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  • Nikolay Myaskovsky: The Conscience of Russian Music by Gregor Tassie
  • Albrecht Gaub
Nikolay Myaskovsky: The Conscience of Russian Music. By Gregor Tassie. Lanham, MD: Rowman & Littlefield, 2014. [xviii, 395 p. ISBN 9781442231320 (hardcover), $94; ISBN 9781442231337 (e-book), $92.99.] Illustrations, chronology, bibliography, discography, catalog of works, index.

When the clouds of war and revolution dispersed over Russia in the early 1920s, it was Nikolay Yakovlevich Myaskovsky (1881– 1950) who emerged as the foremost composer of the new Soviet Union (note: all Russian names and terms in this review are spelled according to the transliterations in Grove Music Online, [accessed 18 September 2015]). Conductors were eager to program his symphonies, of which there would be twenty-seven in the end, and to spread his fame in Russia and elsewhere. His most ardent champion abroad was Frederick Stock, who introduced twenty of Myaskovsky’s symphonies to Chicago; Stock commissioned and premiered the Twenty-First and turned the performance of the Sixth into an annual event from 1926 to his death in 1942. Some of Stock’s most famous colleagues, including Eugene Ormandy, Serge Koussevitzky, Wilhelm Furt wängler, and especially Hermann Scherchen, also conducted Myaskovsky (pp. 228–29). This is past. Posthumous performances of the enigmatic Muscovite composer’s works have been few and far between. And although a slew of recordings, [End Page 558] including Yevgeny Svetlanov’s cycle of the complete symphonies (Warner Music France 2564 69689-8 [2008], CD), has paved the way for a new assessment of the man and his music over the last thirty years, no new full-length study of Myaskovsky has appeared in print. There have only been some articles (albeit substantial ones), most notably Patrick Zuk’s “Nikolay Myaskovsky and the ‘Regimentation’ of Soviet Composition: A Reassessment” (The Journal of Mu -si cology 31, no. 3 [Summer 2014]: 354–93).

Gregor Tassie’s monograph promises to fill this gap—but it comes with a huge handicap: it ignores the contemporary discourse on Soviet music. Granted, Zuk’s 2014 article was not out yet when Tassie’s book went to press—but could Tassie really pass over Zuk’s 2012 “Nikolay Myaskovsky and the Events of 1948” (Music & Letters 93, no. 1 [February 2012]: 61–85), Marina Frolova-Walker’s “From Modernism to Socialist Realism in Four Years: Myaskovsky and Asafyev” (Muzikologija [2003, no. 3]: 199–217), Richard Taruskin’s admiring review of Svetlanov’s recording of the symphonies, “For Russian Music Mavens, a Fabled Beast Is Bagged” (New York Times, 3 November 2002, A19; reprinted in Taruskin, On Russian Music [Berkeley: University of California Press, 2009], 288–93), and anything else published by these authors? Yes, it seems, he could. Neither is there mention of the most significant recent Russian publication on Myaskovsky, Neizvestnïy Nikolay Myaskovsky: Vzglyad iz XXI veka [The Unknown Myaskovsky: A View From the 21st Century], ed. Yelena Dolinskaya (Moscow: Kompozitor, 2006).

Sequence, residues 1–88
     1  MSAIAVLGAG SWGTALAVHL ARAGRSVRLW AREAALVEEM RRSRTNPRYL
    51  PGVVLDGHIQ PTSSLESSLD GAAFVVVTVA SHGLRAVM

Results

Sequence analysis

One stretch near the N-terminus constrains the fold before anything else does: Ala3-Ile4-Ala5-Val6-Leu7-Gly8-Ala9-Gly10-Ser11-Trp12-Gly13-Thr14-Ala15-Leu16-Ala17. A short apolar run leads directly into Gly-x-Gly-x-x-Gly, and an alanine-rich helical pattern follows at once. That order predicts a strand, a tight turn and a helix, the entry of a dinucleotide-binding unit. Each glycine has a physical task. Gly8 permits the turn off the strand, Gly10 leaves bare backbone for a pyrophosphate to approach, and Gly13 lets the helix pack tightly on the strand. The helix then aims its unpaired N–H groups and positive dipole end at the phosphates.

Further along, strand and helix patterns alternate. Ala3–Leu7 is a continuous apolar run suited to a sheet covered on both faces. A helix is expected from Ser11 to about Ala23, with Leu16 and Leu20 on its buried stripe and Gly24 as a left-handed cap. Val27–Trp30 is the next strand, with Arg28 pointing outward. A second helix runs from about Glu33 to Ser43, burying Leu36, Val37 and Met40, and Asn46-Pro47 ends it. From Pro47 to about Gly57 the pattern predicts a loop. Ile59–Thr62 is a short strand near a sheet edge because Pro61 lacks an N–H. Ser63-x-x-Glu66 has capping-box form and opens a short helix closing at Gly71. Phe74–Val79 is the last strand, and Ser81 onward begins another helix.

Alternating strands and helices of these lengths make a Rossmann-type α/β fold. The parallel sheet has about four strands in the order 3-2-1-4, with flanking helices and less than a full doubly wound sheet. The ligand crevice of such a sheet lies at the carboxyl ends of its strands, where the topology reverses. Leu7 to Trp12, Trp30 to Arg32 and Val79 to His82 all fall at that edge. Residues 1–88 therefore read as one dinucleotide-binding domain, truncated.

Instead, Tassie shared his manuscript with conductors who recently performed Myaskovsky symphonies: Oliver Knussen and Vladimir Jurowski recommend the book on its back cover; Leon Botstein—admittedly also a musicologist, but not a Myaskovsky scholar—contributed a foreword. More important is the fact that Tassie unearthed a wealth of unpublished source material in Russian archives. Alongside published reviews from the Soviet Union, the composer’s diaries and correspondence, minutes from meetings of the Soviet Composers’ Union, and other official documents serve to flesh out the picture, with all sources painstakingly documented in the endnotes.

It is thanks to this new information that as a biography, Tassie’s book works reasonably well. Proceeding roughly in chronological order, the author conjures up a vivid image of the composer and the world he inhabited. Myaskovsky’s military upbringing runs interestingly in parallel with Nikolay Rimsky-Korsakov’s; during his belated study at the conservatory he formed a lifelong friendship with the much younger Sergey Prokofiev; his active service in the First World War was an experience unique among major Russian composers. The time between the wars naturally takes center stage, when he was surrounded by a circle of distinguished friends including the composer–musicologist Boris Asaf’yev, the pianist–musicologist Pavel Lamm, and...


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